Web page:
Since we’re a small team, if there’s somebody I like and want to do something with, I’ll just sort of reach out or put them in touch with someone else. Molly actually was part of this new series I’m putting together — sort of an Artist of the Week, which is something I really wanted to do for a little while. I’ve been trying to do something where I get artists that I respect to give us their perspective on the highlights of the week. I also think it’s a way to show a little bit of aesthetic. Molly was the first one that we worked with, and I met her when we were putting together the Bib + Tuck launch event. She was one of the girls in the video series we made, which projected conceptual visuals related to the event.
The internet is such a big part of what you do — even in your own personal artwork, you’ve painted these huge screenshots of Skype calls. How do you view the relationship between your work and the internet?
All of the visual elements and all the social experiences you get from the internet — it’s like a new vocabulary. It’s not something you can ignore anymore, and I think it’s part of our language now. I like the idea of not using it as a concept in any way, but using it as a medium. I think that we believe very much in the fact that the social experiences that you have online are as relevant as the social experiences that you have in person, just in different ways. People tend to talk about how much we need to disconnect and go outside, but I actually think people having their social experiences on the internet really does lead to disconnecting and going outside. We’ve seen users really become friends with people that they buy clothes from, because it goes, for lack of a better term, from URL back to IRL back to URL back to IRL.
Let’s talk about the clothes — I assume a healthy percentage of what’s on the site is vintage, right? We were just talking about the internet and the future and everything, but why do you think vintage is having such a moment right now?
I guess because there’s such a mass production of fast-fashion brands, and you see the same things on a lot of different people. Places like Bib + Tuck really do allow you to find the people whose closets you want to follow and really be able to raid their closets. Literally, you can actually do that. And that’s where the social experience comes in. If you like a specific kind of vintage, then you can really find the type of people who have that closet and you can follow them. You can create your own experience on the site, which is what is really exciting about it. Trends very much come back, and I think when they reach a certain point, they become acceptable again as vintage. Part of what we really believe in is this sustainable element of a shared economy with fashion, and it’s definitely having people contribute things that are vintage. Clothing has to be approved by all of us if they’re vintage and not part of the approved or unapproved brand list, to kind of keep the aesthetic to a curated level.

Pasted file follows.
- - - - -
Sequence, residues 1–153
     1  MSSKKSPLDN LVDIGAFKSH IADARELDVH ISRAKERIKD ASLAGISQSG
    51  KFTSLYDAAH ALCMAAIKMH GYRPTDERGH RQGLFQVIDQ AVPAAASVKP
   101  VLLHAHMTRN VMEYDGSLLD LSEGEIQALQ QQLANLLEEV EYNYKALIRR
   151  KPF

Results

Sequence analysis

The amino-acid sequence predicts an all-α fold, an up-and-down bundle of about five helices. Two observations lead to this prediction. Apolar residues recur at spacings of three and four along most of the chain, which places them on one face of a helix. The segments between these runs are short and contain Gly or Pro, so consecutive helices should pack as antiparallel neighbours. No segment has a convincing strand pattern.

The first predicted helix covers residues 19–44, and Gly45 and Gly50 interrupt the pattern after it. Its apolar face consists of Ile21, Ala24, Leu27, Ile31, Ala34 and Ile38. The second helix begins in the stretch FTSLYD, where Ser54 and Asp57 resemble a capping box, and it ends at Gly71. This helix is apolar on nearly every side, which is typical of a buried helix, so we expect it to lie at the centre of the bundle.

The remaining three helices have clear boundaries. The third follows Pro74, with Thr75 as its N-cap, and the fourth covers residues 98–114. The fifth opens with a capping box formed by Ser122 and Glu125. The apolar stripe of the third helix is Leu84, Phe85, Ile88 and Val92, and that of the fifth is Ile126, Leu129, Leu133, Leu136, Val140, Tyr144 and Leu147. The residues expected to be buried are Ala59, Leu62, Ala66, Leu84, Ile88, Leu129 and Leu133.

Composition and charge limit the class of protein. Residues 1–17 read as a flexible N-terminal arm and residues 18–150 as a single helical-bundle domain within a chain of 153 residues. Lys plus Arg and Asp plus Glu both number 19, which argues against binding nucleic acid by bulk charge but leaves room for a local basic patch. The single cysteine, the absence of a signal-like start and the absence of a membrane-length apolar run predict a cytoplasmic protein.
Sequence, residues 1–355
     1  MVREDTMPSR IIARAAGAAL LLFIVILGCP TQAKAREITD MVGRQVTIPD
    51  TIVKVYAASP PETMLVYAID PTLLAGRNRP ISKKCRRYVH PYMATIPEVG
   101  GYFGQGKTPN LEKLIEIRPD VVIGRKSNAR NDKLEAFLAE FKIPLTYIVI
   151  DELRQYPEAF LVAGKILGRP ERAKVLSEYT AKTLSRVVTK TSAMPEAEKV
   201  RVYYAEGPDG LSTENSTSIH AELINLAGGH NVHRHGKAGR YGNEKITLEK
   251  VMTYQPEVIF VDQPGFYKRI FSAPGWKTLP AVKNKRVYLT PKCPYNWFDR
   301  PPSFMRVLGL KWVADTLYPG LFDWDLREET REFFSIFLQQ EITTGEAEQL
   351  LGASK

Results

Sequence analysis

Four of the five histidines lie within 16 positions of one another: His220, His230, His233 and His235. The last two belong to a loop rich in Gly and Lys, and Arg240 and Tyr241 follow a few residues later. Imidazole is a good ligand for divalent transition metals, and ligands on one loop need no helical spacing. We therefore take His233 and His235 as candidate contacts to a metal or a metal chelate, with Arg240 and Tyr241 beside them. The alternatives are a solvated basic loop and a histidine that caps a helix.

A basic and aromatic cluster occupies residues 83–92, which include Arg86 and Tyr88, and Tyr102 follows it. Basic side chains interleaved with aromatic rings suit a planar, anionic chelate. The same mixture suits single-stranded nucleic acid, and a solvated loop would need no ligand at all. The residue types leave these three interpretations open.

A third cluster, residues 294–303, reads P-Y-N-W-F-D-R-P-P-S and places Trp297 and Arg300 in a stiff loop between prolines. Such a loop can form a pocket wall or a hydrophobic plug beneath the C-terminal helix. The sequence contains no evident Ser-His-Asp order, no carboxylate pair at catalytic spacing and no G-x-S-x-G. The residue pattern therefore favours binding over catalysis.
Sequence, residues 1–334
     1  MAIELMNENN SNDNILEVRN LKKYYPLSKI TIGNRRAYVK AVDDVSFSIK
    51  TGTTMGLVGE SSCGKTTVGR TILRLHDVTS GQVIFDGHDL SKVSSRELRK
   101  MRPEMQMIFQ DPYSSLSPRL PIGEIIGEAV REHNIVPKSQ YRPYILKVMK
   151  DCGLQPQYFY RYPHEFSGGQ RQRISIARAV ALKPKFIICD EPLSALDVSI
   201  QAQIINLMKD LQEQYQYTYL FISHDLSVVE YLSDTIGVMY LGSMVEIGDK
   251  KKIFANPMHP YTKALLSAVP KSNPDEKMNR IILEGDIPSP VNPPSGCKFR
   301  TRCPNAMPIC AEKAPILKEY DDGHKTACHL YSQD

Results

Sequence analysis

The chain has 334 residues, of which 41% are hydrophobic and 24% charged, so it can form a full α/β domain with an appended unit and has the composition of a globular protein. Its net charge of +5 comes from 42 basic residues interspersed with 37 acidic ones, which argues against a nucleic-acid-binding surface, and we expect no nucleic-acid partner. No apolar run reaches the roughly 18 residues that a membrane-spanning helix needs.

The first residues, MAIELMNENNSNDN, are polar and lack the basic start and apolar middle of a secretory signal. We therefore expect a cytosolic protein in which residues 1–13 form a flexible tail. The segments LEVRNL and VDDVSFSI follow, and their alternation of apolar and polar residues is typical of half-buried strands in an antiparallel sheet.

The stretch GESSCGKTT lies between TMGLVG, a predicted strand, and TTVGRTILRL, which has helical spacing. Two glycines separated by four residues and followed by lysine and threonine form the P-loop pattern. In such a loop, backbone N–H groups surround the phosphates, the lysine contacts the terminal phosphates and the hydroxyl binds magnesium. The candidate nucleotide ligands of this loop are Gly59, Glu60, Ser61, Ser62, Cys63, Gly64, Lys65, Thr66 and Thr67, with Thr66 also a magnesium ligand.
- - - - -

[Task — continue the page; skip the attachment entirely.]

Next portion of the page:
You’ve directed and produced and styled a lot for Bib + Tuck. Did you have to take on a lot and just learn as you went along? Or was this all in your skill set already?
No, not at all. I definitely took on roles that weren’t things that I ever really planned to do. You really get your hands dirty when you’re working in a startup. I actually found that I hate everything about styling, but I love directing a shoot or directing and editing videos. I really like the idea of having control over a brand’s image, and knowing that my vision is being executed correctly.
And you’re also a painter. How do you have time to do all this?
[laughs] I don’t sleep. At all. I’m actually painting right now.
How do you not sleep? I never sleep either, so I’m always asking people for tips. [laughs]
Oh, I’m crazy like 95% of the time. I talk about this endlessly to my parents and friends and everyone is exhausted hearing about it. I love what I went to school for — it’s why I moved to New York. So painting has always been there, and I have always planned on that. I like the idea that because conceptually it overlaps with my job, I’m able to find inspiration in my day-to-day at Bib + Tuck. I just come home from that every day and continue working. I have a studio in my apartment which really helps, and once I get past the conceptualizing and sketching and the initial stages, it becomes very Zen for me, you know?
Photo by Kelly Kai